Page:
Sunday is their day off. The mood seems high-spirited, festive almost. Most of these women work–and live–in small apartments under the hawk eyes of demanding bosses. They have little privacy and less free time. The park is an escape. Guest workers in a strange land, they have nowhere else to go.

The discerning might note a sadness in some of the eyes. Many of these women are mothers. They have left their own children in the care of husbands and relatives, to come to Hong Kong to care for the children of the Chinese, and of British and American expats. Many like them are similarly employed in the Middle East, Singapore, Taiwan, and the United States. There is nothing new to migratory labor, of course. Whether it’s by Metrobus from Anacostia to Chevy Chase, a Greyhound from Mississippi to Chicago, or Philippine Airlines from Manila to Hong Kong, people have always followed work and pay.

But the conversion of mothering into an object of global trade is another matter entirely, and certainly on this scale. Some 30 percent of children in the Philippines have a parent who works abroad. That means 8 million kids whose mothers (most often) or fathers are thousands of miles away. It also means a lot of First World kids whose experience of the Third is a dark-skinned woman who scrubs their toilet bowl.

For the women, it is a way to make the best of a bad hand. A few might be escaping bad marriages; in a nation without legal divorce, work abroad can be the only way out. But the vast majority are doing it for cash to send home. A college graduate can make at least five times more as a maid in Hong Kong than as a teacher in the Philippines. Given the anemic Philippine peso, Hong Kong and U.S. dollars are worth a small fortune. They pay school tuition and enable families to buy land and build homes. Walk through a rural village in the Philippines and you generally can tell, by the quality of the house, whether someone in that family has worked abroad.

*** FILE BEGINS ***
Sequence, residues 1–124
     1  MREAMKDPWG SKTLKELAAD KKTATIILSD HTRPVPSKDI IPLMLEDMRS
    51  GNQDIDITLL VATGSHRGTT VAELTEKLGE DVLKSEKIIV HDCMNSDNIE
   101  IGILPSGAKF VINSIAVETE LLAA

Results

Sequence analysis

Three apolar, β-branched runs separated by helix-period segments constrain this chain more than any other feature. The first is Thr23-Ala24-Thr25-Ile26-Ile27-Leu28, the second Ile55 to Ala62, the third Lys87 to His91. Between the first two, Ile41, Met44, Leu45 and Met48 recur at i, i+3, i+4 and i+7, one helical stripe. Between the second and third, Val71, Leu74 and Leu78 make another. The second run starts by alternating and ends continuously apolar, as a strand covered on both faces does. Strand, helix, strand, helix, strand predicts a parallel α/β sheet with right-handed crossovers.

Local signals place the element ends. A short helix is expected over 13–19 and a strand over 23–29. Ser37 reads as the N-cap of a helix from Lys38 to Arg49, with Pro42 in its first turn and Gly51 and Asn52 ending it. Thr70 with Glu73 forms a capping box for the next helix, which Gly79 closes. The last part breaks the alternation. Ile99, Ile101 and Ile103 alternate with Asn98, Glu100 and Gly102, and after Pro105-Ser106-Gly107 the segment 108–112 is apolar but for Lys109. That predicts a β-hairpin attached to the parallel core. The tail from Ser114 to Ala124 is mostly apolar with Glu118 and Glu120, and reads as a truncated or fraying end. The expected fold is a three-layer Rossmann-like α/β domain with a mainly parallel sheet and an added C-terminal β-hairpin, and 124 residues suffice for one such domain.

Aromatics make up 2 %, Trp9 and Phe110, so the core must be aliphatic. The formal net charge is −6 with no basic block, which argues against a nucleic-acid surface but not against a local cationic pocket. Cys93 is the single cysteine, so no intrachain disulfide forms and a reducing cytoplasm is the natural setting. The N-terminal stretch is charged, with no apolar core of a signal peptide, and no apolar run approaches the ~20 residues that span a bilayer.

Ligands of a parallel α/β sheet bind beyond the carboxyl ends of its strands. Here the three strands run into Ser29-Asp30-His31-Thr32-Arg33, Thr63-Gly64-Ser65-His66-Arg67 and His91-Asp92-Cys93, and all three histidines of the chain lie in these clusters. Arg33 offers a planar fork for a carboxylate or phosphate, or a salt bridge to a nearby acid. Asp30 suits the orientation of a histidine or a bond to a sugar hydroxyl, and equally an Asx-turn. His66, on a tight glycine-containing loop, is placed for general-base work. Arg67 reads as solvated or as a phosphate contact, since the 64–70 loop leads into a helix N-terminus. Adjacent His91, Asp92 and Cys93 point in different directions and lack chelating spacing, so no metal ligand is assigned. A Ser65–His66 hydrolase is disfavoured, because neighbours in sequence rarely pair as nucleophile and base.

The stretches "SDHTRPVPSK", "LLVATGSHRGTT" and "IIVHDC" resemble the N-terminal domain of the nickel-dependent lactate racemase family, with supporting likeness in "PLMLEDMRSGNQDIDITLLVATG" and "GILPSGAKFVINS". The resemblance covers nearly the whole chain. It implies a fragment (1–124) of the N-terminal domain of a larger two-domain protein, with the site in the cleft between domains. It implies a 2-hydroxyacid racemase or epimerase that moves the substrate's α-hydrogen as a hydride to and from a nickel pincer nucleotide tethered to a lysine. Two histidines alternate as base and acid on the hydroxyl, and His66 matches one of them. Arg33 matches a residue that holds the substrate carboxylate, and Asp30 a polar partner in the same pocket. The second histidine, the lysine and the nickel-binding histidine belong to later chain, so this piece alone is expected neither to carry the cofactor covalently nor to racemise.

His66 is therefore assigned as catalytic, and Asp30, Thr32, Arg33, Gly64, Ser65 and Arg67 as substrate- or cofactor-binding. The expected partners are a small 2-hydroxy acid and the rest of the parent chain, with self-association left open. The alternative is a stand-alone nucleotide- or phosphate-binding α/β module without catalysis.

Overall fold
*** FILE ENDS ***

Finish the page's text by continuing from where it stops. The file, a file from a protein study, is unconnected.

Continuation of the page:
But the price can be high. Mothers end up separated from their kids for years. If they are undocumented workers in the United States, they cannot go home at all. As guest workers all these women are easy targets for abuse, with legal recourse that is questionable at best and in practice often irrelevant. You don’t like it, Panmoy? There’s a plane leaving tomorrow morning, so go back to your pigs and dust and hungry kids.

This is not the global economy over which editorial writers enthuse, the one that supposedly will uplift the masses. It sounds more like an arrangement to ensure a supply of cheap labor to clean those editorialists’ homes. Yet it is pretty much invisible in America, where nannies and maids disappear into suburban kitchens or else blend into the polyglot throng in major cities. (By one estimate, less than 10 percent of household work in the United States gets reported to the IRS.)

That ignorance won’t be so easy now, thanks to Global Woman: Nannies, Maids and Sex Workers in the New Economy, a new collection of essays edited by Barbara Ehrenreich and Arlie Russell Hochschild. It is an apt pairing. The former is the author, most recently, of Nickel and Dimed, an account of a year of low-paid “women’s work” in the service economy. Hochschild has written extensively on the time-deficits in American households and the effects upon women, most notably in the Second Shift and the Time Bind. The “global woman” of the book’s sardonic title is a Third World housekeeper; and the house she is keeping, and the children she is caring for, are those of a First World family that doesn’t have–or want to make–the time.

As a cage-rattler the book succeeds. The authors give these women a story and a face. I doubt that anyone who reads it will look at Filipina nannies pushing strollers through the Safeway quite the same way again. But as a discussion of the global economic forces that channel Third World women into this role, and the hard facts of their legal status, Global Woman is somewhat spotty. The 17 essays, all by different authors, veer more into the gender politics of household work; some broach thorny questions for the feminist mind. For one thing, the domestic tyrants who rule over migrant maids are, in most cases, women themselves. The patriarchy can’t take this rap. But more, Third World nannies who work in First World homes are, after all, working. To argue that they should be home with their own kids has implications for First World feminism that are uncomfortable to say the least. And don’t forget, many First World parents are able to leave the house and kids during the day precisely because these Third World nannies are both available and cheap.